(Not only that, but there is currently an active debate over whether and to what extent commercial AI models can use copyrighted information in their training process. While the resolution of this legal issue is still pending, companies should view it as a potential downside of so-called “public” LLMs as they’re formulating their gen AI strategies, particularly when relying on public models.)

For many organizations, the optimal solution lies somewhere in the middle: so-called retrieval-augmented generation (RAG) is a way to optimize a commercial LLM with data from a private, authoritative knowledge base. Regardless, if that combination shakes out, the output should have a high degree of transparency regarding the source(s) that were used to generate a given response.

This is where forming partnerships can help an organization start experimenting and exploring right away. In many cases, these partners can help companies fine tune an existing model to meet their specific needs, enabling them to quickly build powerful, customized applications while ensuring the safe and secure use of proprietary data.

AI spotlight: Pfizer

Pfizer recently developed Clear AI, an evidence-based, gen-AI enabled health literacy tool that checks the readability, understandability and actionability of written texts. The tool has already been incorporated into all core content creation workflows in the United States and the company has plans to adapt it for global use.

4.    AI is an emerging technology, but one where you already need to show results.

It’s fun to speculate about hype cycles, and gen AI may be a boardroom favorite today. But it won’t be long—12-18 months? —before the board will want to see results. It’s important, therefore, for those stewarding the first phase of gen AI adoption to choose use cases that will yield quantifiable results to justify additional investments.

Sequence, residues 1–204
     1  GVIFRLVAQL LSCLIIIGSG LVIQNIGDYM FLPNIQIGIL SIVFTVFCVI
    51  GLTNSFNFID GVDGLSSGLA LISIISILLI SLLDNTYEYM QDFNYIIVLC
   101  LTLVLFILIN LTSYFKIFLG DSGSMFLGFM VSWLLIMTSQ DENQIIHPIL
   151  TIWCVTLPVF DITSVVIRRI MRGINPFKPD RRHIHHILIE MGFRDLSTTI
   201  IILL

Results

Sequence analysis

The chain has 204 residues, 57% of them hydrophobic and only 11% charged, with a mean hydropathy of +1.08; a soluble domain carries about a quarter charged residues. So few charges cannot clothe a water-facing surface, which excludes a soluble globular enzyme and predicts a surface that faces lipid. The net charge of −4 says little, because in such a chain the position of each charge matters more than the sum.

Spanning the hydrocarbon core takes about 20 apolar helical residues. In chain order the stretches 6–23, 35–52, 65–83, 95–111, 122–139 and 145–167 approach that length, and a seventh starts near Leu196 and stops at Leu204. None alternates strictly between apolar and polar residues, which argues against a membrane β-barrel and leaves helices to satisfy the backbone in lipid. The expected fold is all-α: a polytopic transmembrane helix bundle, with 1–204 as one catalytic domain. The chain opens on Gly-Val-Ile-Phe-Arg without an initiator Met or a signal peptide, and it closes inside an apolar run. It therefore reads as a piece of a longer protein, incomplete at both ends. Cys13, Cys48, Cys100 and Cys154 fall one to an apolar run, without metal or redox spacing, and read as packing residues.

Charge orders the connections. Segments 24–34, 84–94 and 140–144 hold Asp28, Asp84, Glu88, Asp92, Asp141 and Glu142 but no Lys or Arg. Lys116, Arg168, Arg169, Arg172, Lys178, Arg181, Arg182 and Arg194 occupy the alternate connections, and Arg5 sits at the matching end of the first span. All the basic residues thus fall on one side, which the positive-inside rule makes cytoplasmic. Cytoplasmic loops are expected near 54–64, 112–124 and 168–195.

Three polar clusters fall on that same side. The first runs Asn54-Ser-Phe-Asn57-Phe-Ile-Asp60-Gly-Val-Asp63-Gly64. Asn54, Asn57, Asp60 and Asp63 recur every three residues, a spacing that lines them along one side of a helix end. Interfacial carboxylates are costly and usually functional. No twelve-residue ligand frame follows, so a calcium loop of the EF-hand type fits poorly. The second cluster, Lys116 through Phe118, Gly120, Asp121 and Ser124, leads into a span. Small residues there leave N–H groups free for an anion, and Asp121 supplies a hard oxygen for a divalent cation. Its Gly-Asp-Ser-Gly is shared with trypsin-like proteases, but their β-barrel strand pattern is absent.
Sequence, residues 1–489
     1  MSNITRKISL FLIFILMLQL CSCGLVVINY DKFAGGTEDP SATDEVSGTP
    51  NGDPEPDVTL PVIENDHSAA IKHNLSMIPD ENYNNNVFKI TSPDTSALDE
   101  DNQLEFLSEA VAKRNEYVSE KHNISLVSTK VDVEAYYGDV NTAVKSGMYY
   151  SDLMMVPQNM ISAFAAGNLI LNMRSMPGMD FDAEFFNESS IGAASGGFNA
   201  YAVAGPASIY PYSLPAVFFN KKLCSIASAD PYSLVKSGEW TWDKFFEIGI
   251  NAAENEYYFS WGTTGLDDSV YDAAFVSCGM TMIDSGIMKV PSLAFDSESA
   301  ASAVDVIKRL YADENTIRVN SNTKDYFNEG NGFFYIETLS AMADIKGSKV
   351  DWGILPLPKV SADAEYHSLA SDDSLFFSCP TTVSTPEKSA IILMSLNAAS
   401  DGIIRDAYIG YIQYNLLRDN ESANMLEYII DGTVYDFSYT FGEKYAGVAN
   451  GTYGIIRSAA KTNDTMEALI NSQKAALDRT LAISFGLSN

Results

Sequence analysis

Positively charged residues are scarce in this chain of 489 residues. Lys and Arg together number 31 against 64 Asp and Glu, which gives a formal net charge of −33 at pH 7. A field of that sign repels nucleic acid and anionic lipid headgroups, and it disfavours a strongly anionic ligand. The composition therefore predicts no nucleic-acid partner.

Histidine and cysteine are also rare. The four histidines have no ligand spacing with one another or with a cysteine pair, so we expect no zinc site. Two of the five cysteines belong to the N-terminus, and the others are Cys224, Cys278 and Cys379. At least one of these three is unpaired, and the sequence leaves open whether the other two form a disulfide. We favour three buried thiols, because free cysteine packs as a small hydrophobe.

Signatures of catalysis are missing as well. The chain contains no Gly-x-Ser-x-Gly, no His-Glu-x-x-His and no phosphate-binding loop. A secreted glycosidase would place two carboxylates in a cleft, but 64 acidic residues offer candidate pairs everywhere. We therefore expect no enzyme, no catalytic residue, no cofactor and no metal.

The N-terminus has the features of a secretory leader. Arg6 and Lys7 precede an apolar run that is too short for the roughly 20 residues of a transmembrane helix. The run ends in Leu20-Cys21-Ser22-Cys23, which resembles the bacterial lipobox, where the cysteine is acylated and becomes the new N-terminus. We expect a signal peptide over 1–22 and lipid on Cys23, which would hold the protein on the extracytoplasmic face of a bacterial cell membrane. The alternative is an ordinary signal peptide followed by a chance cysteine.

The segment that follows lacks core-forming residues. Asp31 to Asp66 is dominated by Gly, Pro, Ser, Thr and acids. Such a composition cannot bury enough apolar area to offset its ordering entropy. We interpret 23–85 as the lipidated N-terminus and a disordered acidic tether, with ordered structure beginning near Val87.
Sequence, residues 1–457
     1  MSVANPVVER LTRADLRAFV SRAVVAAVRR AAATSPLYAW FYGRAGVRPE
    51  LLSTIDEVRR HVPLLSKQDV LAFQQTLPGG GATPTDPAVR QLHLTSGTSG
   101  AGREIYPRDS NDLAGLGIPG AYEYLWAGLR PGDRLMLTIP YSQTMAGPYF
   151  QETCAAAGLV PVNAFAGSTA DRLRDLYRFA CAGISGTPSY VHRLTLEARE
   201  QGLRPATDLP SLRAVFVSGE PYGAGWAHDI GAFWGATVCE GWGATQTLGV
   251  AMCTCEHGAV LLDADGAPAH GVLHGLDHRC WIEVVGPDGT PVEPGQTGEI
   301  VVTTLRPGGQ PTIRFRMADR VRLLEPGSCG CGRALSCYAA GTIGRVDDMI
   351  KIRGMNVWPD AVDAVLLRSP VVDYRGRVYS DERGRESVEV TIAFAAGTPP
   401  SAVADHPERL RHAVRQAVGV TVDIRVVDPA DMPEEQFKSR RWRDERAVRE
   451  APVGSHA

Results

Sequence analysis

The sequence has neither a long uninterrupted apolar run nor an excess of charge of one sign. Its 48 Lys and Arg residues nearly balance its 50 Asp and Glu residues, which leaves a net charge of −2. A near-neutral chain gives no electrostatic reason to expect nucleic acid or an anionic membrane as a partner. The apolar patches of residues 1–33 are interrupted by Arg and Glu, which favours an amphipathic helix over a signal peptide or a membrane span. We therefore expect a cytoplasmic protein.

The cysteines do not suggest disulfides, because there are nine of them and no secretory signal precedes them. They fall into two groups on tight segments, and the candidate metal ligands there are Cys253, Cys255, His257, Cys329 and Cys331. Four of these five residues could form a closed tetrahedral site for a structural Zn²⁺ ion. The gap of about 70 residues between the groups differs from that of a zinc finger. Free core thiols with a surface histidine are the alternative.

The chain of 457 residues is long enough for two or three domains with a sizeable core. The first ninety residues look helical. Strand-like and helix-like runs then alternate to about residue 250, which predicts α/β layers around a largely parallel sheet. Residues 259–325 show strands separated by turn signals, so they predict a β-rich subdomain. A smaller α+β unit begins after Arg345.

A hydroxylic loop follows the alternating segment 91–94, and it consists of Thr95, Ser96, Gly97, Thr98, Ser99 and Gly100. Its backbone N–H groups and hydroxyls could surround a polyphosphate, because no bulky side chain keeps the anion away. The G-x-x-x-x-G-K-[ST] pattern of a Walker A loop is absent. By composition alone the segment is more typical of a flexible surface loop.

The most logical place for most biopharma companies to start is with commercial use cases that span sales, marketing, customer care and market access. These use cases can offer substantial productivity gains of up to 45%, helping companies build awareness of new drugs without introducing significant regulatory risk.

Figure 2

As discussed earlier, it’s important to organize all use cases within an overarching framework that lets teams consistently demonstrate the value of programs, scale successful initiatives and continuously iterate to drive improvement.

AI Spotlight: Sanofi

In June 2023, Sanofi launched plai, an AI-powered app that aggregates data from across the business, providing a 360-degree view of all activities and producing insights that help teams make better decisions. According to media reports, an estimated 10% of Sanofi’s workforce of 80,000 people use the app daily to do everything from monitor inventory levels to schedule meetings.